For example, trade protectionism is a form of government interventionism, so anyone opposed to central planning on principle must also oppose trade restrictions.

    You make a good point, however that interventionism can open the door to left-liberal social engineering.

  4. Anonymous, why does a common good have to be imposed from above?

    Let's say that I recognise as a common good the existence of my own tradition through time.

    I will then have to think about the conditions that will enable this common good to be realised.

    There are a large number of such conditions. It will be important, for instance, that people form families and have children - otherwise my tradition won't survive.

    How might this aim be achieved? It's considerably up to individuals to cultivate the qualities required for marriage and parenthood. It's also important for intellectuals both secular and spiritual to foster a culture of family life. The state too could chip in by rewarding those who marry and have children in various ways.

    If the goal is widely accepted as a common purpose there would be contributions from many levels.

    Also, given that most people have a pre-existing instinct to marry and have children, the attempt to create the best conditions for this to happen doesn't have to be an act of state coercion.

    And if we follow liberals in only recognising a multitude of individual purposes? We know from experience that this leads to an intrusive statism.

    If you think that the good in life is the pursuit of individual purposes, then you have to achieve a situation in which everyone is equally able to pursue their own individual purpose unhindered.

    How do you do this? In part you do it through state intervention to try and make the influence of factors like gender and ethnicity not matter. Hence anti-discrimination laws, affirmative action measures, speech codes and the imposition on society of political correctness.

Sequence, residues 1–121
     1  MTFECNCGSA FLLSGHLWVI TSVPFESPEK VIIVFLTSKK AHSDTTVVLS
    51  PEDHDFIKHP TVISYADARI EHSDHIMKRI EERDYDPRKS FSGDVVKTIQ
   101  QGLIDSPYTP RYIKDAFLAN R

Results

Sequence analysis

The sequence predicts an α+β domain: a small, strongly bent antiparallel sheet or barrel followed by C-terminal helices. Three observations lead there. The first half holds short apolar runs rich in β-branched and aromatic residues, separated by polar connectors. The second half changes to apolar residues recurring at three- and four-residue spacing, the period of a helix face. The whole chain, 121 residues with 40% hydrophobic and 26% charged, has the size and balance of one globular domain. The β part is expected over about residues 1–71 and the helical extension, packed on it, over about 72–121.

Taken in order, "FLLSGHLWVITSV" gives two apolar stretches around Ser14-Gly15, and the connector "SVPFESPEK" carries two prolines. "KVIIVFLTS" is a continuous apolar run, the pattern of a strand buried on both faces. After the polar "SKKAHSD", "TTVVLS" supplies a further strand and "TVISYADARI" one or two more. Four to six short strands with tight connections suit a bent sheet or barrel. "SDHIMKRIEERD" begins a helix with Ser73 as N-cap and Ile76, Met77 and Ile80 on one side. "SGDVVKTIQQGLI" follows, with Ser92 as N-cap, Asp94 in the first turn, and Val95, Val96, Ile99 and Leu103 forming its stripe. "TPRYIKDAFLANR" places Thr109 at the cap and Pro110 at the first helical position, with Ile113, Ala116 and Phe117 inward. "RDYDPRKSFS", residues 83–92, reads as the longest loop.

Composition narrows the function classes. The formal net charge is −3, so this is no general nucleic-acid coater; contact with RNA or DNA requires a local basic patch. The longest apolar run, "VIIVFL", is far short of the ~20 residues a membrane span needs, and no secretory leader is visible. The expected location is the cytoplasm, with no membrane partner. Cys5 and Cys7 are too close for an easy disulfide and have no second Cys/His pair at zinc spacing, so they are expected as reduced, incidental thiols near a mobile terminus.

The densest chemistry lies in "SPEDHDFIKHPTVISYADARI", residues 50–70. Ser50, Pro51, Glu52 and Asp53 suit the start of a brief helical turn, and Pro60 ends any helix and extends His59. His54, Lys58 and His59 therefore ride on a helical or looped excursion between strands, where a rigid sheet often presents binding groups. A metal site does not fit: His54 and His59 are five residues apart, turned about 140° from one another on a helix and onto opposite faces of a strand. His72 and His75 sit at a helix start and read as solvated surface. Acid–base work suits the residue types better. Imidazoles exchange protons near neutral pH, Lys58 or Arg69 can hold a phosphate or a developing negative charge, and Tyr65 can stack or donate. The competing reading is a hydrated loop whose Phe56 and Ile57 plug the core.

These are particularly coercive because they are an ongoing suppression of core aspects of human identity.

    Also, because there are no common goods, then it's no longer possible to maintain traditional standards of manners and morality. The state will then have to step in to deal with the effects of social dysfunction.

    The natural constitution of man is one in which common purposes are recognised within a human community (in fact, I don't see how human society could have developed over time without such recognised common purposes).

  5. Mark,

    Don’t you think using the word “liberal” in this discussion is too broad? Isn’t Ethical Egoism a better definition?

    By the way, your comments are very much in line with my views on this matter. However, I am a minimalist therefore I think the word “naïve” would sum up every argument against Ethical Egoism.

  6. Free constitutions create 'common goods'. Once a common good is socialized or institutionalized through subsidization it usurps natural relationships. For example childcare and pre shcool (subsidized to a large extant) abnegates motherhood and nurturing.

  7. Where does Mr. Richardson differ from Mill in his critique of marital laws in Victorian England for instance?

    Or his assertion that freedom cannot exit in a multi-racial society? Or on the "The Negro Question"?

  8. The idea that a society can survive without taking into account the common good is a libertarian one, not a conservative one.

    A sovereign country with a distinctive culture can't survive without taking into account the common good to some extent.

    Trade policy, foreign policy, immigration and fisheries laws for example have to be regulated by the state, in terms of the interests of the majority of citizens, there's no practical way around this.

    The only real issue is how far the state should go in terms of promoting the common good and what methods it should use, and that varies according to the tradition and circumstances of the country in question. Australian and European conservatism is more Bismarkian than US conservatism, for example.

    US conservatives need to bear in mind that Mr Richardson is trying to establish some internationally applicable principles that can apply to conservatism in all countries. How conservatives in different countries apply these principles is up to them.

    Since the US has a more classical liberal tradition in terms of its history and constitution, US conservatives tend to oppose direct government intervention in areas like welfare, and prefer intervention to be restricted to sovereignty issues like immigration and trade. In the 19th century for example, the US prefered to use protectionism rather than welfare to encourage the growth of the country and moderate economic inequality.

    If conservatism is only concerned with individual rights, then how can it restrict immigration from other countries or make sure the legal system isn't captured by special interest groups claiming to champion individual rights?

    Also if minimising the role of the state was the be all and end all of containing left liberalism then why were the neoliberal reforms in English-speaking the 1980s followed by yet another wave of left-liberal social reforms and anti-western self-loathing in the media and the education sector?